Both the House and Senate engrossed major criminal justice reform bills in the last weeks of formal session in November, 2017. Because there are differences in the bills passed by the respective branches, the bills are currently being reconciled in conference committee. The bill that the conference committee releases will then be enacted, presumably, by both chambers - this will be an up or down vote, without any amendments.
This bill has been many years in preparation, thanks to the advocacy of many, and substantial preparation by members of the legislature, especially members of the Harm Reduction Caucus and the Progressive Caucus. Because I've never practiced criminal law, I did a lot of reading, and attended many briefings about topics from bail to probation, criminal records to solitary confinement. The new House Chair of the Judiciary committee, Claire Cronin, herself a criminal defense lawyer, kept an open door and invited all House members to talk to her about what we wanted to see in the bill the House produced.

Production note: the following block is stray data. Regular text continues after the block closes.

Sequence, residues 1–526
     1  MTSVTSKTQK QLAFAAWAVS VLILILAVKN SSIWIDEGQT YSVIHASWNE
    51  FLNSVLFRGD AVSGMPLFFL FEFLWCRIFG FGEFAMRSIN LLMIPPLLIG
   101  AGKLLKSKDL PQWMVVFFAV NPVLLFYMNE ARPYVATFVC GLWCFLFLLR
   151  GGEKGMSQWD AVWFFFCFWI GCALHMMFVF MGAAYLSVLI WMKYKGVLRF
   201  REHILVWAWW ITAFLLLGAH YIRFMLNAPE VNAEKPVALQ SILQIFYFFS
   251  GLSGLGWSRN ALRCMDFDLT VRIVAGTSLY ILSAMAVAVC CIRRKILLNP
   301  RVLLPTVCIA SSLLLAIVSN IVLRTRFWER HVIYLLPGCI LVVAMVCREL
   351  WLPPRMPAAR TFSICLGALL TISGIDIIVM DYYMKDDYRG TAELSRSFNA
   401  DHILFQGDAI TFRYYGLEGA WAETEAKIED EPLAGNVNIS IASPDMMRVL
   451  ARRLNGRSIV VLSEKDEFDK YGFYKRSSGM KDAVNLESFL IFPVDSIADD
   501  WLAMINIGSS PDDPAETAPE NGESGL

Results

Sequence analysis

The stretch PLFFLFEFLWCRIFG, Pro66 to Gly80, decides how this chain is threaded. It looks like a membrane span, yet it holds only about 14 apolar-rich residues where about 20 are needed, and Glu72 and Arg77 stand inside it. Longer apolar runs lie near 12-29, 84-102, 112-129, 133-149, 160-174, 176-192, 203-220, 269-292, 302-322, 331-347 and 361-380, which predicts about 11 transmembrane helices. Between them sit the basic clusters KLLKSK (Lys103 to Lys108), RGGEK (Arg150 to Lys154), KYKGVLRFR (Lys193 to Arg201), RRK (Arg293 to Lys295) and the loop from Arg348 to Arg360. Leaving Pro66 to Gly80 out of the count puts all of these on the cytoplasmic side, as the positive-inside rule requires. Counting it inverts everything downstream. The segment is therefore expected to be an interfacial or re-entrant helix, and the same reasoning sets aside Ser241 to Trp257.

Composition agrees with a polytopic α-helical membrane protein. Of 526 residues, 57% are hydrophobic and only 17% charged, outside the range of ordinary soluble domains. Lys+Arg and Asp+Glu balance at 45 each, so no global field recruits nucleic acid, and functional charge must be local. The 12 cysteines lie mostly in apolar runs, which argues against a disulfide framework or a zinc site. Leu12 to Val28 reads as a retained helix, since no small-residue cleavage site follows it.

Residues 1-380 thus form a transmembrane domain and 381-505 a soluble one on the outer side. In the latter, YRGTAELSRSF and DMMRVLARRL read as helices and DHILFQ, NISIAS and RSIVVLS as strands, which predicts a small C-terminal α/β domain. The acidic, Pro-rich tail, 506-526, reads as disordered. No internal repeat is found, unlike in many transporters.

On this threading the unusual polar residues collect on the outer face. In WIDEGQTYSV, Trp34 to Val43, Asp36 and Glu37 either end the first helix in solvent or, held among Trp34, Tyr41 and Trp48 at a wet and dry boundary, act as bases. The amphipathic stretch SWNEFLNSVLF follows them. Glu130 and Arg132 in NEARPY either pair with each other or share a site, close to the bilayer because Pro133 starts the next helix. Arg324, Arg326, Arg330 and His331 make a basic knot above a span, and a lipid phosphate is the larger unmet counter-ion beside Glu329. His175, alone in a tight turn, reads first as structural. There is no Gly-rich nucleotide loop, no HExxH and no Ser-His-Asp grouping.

The House bill was thoughtful and comprehensive. Although it did not go as far as some of us would have liked, it made historic - and overdue - changes in Massachusetts criminal law. As part of the Progressive Caucus, I followed the bill closely, and helped to craft a detailed letter to the conference committee, commenting on the two versions and making suggestions for producing the best possible bill that we can hope to see as the culmination of this unprecedented lawmaking process.